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Times of India
Synopsis: Two Class 12 students — a boy and a girl — go missing on the eve of their final exams. The cops launch an investigation to find out what has really happened to them — were they kidnapped or were they lovers who had eloped?
Review: The storytelling in Pallikkoodam Pogaamalae is hardly sophisticated, but there is a naivety and sincerity in the way director Jayaseelan tells his story that makes it the kind of movie you don't regret watching. The film is an investigative drama that turns to melodrama with an added bit of nostalgia for school life. The film begins with two students — a boy and a girl — being chased by goons. They manage to evade them and hitch a ride with a seemingly benevolent stranger.
Meanwhile, the girl's rich father approaches the police suspecting that his daughter has eloped with the boy, who is the son of a call taxi driver. The cops launch an investigation, and as the investigate people connected with both these students (from their parents to school authorities and friends), we learn about the nature of every one of these characters and the equations between them. Jayaseelan uses tried and tested cliches — constantly criticising father, indulging mother, strict teacher, compassionate nun, jealous classmate, dubious stranger, brilliant cop — but he makes them work that the film engages to an extent, though the songs are breaks for the audience to play with their mobile phones. And he manages to maintain the suspense around what has actually happened to the missing students.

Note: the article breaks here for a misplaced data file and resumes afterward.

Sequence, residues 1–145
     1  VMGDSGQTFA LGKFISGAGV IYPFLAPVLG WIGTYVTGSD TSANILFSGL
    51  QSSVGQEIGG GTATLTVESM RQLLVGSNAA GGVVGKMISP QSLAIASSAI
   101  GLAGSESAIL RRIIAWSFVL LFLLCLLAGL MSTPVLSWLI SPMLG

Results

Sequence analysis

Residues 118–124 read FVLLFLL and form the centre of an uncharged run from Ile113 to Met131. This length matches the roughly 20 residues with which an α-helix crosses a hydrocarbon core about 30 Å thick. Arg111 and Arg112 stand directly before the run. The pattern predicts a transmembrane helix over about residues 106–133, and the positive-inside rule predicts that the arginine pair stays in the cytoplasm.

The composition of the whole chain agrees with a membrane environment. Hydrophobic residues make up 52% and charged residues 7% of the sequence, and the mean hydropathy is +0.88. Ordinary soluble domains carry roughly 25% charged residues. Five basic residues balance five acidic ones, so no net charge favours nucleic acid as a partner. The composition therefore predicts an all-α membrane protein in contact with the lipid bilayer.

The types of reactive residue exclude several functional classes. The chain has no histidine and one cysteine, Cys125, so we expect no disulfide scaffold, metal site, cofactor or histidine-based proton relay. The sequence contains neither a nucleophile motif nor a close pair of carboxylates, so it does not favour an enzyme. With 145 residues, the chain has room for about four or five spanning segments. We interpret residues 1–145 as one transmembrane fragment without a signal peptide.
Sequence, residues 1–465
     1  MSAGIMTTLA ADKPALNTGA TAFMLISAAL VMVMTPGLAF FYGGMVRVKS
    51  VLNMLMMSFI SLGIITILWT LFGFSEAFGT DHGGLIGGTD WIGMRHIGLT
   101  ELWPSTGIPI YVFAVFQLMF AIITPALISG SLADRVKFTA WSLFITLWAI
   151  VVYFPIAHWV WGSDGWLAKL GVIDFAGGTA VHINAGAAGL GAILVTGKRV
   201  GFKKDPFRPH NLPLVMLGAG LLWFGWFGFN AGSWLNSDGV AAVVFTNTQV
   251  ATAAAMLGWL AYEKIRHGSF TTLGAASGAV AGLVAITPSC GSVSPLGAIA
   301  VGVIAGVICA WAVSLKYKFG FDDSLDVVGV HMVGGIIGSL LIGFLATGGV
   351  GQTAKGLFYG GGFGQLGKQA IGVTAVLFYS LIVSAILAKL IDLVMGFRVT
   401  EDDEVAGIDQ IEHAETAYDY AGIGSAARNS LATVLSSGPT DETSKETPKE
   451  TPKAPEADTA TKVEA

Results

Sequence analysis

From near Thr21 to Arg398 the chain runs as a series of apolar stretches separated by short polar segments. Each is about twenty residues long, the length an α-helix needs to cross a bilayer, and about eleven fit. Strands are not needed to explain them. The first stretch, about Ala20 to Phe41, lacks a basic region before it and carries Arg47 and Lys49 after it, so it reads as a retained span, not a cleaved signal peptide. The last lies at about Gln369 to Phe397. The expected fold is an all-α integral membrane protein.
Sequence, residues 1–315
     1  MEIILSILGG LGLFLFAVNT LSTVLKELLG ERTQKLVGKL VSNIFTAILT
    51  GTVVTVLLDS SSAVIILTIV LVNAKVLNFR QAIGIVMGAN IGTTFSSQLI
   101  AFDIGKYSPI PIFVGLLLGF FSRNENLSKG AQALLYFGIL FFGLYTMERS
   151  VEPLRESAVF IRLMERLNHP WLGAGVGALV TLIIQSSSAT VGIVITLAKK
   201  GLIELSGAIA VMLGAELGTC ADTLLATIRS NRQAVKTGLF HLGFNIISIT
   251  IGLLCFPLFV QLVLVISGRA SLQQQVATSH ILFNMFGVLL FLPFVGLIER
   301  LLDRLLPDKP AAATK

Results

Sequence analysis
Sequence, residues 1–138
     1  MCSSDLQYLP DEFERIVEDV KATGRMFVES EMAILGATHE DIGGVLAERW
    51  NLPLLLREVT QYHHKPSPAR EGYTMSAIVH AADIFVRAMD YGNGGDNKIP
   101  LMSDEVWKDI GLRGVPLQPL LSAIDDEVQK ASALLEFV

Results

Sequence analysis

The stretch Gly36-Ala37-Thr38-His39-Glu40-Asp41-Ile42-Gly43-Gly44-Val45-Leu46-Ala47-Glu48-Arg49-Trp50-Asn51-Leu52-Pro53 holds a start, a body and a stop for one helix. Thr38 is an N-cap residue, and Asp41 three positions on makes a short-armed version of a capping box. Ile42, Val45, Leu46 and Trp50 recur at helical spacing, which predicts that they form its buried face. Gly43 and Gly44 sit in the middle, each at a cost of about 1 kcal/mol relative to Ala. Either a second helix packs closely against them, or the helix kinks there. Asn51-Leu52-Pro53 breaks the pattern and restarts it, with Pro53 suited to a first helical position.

It takes us some times to get into the melodramatic and old-fashioned storytelling, but what trips up the film is the overtly preach climactic portion where we see the cop turning into a counsellor offering advice to parents, teachers and students to stress up the point that children shouldn't be burdened with the goal of success in academics. Plus, there is nothing edgy about the film, which, at times, feels like a tame retread of Thullovatho Ilamai's theme minus the raging hormones.